Perhaps Mr and Mrs Partridge knew what they were doing after all . . .
Last Friday we fell a tiny bit in love with a small village called Costitx, in the centre of Mallorca. Relatively few visitors to the island will have heard of it, let alone visited, but many will have flown over it – the village being under one of the flight paths across Mallorca. An impressive number of visitors – mainly Mallorcans – flooded into the village on May 1st for ‘Costitx en Flor’.
Beautiful views across Mallorca’s Pla to the mountains.
We reached Costitx via a (usually) quiet country lane off the main Manacor to Inca road (between Sineu and Inca) in an area of the island known as the Pla. There’s lovely surrounding countryside and views of the UNESCO World Heritage Serra de Tramuntana. The village itself has some interesting old architecture and several beautifully restored stone townhouses. If we had to live in a village, rather than open countryside, Costitx does have its attractions . . .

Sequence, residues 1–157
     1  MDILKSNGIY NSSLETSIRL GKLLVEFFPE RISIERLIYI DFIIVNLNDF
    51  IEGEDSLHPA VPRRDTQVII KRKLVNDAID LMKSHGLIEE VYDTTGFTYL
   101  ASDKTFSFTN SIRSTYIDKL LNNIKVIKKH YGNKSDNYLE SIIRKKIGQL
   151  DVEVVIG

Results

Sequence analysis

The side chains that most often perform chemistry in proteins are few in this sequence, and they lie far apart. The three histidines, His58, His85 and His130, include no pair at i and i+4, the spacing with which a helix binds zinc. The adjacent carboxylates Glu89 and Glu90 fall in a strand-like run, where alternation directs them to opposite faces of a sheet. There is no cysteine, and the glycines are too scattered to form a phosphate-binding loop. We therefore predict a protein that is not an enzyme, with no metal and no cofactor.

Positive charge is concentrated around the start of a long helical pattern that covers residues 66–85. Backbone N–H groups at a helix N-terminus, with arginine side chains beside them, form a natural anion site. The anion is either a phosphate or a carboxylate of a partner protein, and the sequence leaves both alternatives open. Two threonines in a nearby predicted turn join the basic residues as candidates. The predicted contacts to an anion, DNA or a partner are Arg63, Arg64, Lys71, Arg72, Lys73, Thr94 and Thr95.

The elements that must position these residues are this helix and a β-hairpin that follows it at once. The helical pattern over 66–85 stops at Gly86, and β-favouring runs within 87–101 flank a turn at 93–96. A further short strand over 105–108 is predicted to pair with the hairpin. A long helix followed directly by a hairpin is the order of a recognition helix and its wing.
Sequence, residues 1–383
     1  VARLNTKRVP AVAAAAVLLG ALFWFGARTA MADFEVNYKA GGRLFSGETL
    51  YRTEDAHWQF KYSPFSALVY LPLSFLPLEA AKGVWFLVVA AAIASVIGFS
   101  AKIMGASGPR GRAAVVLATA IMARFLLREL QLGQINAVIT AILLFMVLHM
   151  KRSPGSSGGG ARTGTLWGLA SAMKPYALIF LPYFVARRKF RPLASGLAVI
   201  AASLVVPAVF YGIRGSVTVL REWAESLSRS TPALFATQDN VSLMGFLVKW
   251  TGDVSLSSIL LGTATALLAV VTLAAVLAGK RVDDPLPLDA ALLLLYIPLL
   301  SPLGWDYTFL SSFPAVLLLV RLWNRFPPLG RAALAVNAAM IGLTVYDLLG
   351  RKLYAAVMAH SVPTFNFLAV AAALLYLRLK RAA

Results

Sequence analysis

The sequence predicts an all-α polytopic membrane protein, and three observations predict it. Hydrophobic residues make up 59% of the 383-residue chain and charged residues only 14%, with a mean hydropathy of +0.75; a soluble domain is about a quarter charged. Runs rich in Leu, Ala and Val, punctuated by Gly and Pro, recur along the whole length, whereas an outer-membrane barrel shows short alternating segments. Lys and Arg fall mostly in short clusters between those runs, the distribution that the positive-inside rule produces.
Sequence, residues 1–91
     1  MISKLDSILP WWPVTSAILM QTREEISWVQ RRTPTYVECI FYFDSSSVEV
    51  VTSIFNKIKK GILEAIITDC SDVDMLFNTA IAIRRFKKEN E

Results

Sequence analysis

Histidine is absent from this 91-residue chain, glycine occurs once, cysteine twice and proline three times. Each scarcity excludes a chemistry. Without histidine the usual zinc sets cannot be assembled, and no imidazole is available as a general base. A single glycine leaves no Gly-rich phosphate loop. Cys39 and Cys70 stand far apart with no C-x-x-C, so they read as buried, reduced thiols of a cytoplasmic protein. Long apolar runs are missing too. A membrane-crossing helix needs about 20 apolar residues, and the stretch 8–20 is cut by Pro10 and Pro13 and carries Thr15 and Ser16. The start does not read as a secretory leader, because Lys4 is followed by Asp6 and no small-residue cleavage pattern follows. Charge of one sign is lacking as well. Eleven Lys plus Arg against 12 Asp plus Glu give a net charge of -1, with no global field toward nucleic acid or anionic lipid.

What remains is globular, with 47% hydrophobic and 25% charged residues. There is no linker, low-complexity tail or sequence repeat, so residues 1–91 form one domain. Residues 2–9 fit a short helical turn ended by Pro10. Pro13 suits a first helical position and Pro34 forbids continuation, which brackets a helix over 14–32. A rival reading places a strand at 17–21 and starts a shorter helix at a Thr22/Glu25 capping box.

The village also has a few claims to fame – and not the sort of fame associated with the likes of Magaluf, or the more genteel mountain village of Deià.
Here are a few facts you could drop into a conversation about this lesser-known part of Mallorca:
Eyes to the Skies
Costitx is home to the Observatori Astronòmic de Mallorca, opened in 1991. Even after we’d bought our finca – but before we moved to Mallorca – we weren’t aware of its existence. I found out about it only during a BBC radio interview I did with an astronomy expert in north Oxfordshire, who told me the observatory was “very important”. The Observatory is also home to the Mallorca Planetarium.